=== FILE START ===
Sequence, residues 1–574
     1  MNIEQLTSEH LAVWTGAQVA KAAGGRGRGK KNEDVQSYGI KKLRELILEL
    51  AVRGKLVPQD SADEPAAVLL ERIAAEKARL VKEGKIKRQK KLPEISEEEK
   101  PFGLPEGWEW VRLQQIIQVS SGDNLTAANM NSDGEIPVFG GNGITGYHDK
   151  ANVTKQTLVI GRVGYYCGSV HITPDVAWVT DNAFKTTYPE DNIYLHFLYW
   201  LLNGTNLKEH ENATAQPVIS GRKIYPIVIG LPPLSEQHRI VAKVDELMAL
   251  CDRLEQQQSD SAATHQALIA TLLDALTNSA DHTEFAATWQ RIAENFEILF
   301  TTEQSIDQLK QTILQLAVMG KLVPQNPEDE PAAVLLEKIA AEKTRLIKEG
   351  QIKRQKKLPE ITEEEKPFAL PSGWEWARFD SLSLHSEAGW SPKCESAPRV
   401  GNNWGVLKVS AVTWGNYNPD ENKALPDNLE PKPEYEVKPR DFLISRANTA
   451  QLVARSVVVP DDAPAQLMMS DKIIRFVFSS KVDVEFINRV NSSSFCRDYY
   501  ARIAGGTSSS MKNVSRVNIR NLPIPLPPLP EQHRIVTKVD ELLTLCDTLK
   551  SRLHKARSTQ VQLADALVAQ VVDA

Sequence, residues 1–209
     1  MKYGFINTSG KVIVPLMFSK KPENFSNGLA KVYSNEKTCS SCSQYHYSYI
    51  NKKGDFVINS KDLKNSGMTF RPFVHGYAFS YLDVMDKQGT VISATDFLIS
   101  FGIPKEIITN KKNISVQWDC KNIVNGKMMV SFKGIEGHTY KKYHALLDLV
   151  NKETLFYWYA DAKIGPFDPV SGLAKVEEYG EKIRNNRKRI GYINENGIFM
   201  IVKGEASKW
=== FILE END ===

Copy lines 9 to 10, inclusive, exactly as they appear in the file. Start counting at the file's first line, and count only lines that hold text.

   351  QIKRQKKLPE ITEEEKPFAL PSGWEWARFD SLSLHSEAGW SPKCESAPRV
   401  GNNWGVLKVS AVTWGNYNPD ENKALPDNLE PKPEYEVKPR DFLISRANTA